Two black holes weighing 10 to 20 times more than the sun have been unexpectedly discovered in the Milky Way by astronomers in Australia.
Scientists at the International Centre for Radio Astronomy Research found the black holes in an ancient cluster of stars, named M22. They believe the cluster could contain as many as 100 black holes.
The research, published in the journal Nature, originally intended to find one large black hole in the middle of the cluster.
However, the discovery of two black holes was a huge surprise, as previous research suggests this does not happen in a globular cluster that is 12 billion years old.
Dr James Miller-Jones, co-author of the study, said the research "was originally searching for just one larger black hole within the cluster of hundreds of thousands of stars which, when viewed from the naked eye, resembles a hazy round 'puff' of light.
"Simulations of how globular clusters evolve show many black holes are created early in a cluster's history. The many black holes then sink towards the middle of the cluster where they begin a chaotic dance leading to most being thrown out of the cluster until only one surviving black hole remains.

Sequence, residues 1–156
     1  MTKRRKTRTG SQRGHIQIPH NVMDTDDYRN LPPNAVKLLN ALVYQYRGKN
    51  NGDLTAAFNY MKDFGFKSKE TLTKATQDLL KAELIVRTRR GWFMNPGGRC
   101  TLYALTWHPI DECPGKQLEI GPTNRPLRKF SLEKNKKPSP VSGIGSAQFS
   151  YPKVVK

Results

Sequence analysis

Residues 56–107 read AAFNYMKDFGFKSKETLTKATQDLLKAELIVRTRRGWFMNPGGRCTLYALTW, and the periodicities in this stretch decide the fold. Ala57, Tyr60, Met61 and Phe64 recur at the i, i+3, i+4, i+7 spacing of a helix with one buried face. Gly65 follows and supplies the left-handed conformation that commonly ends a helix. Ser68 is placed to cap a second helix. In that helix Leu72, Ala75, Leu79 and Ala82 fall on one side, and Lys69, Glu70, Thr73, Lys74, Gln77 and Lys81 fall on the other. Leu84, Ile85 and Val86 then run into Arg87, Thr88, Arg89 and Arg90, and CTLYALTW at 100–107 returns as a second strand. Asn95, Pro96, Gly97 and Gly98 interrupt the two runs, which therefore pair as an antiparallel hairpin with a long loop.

"We were searching for one large black hole in the middle of the cluster, but instead found two smaller black holes a little way out from the centre, which means all the theory and simulations need refinement."
Marek Kukula, public astronomer at the Royal Observatory Greenwich, also commented on the findings. He told IBTimes UK:
"I think this discovery goes to show that the universe is still full of surprises. We expected that star clusters like this would have a single black hole in their centres but these new observations seem to show that there are actually several black holes scattered throughout the cluster.
"Astronomers will now have to revise their theories about how star clusters form and change with time - this is how science works, by revising and improving ideas."
Black holes are what remain when some stars die. It collapses in on itself and creates a gravitational pull from which not even light can escape. Once an object is pulled into a black hole, it is said to have entered the event horizon; the point from which escape is impossible.
The newly discovered black holes are around 10,000 light years from earth but they can easily be seen with a telescope. How many more black holes are in the cluster cannot be determined as they have to be actively feeding on nearby stars to be detected.
Dr Miller-Jones said the researchers now plan to find out the properties of the two black holes discovered.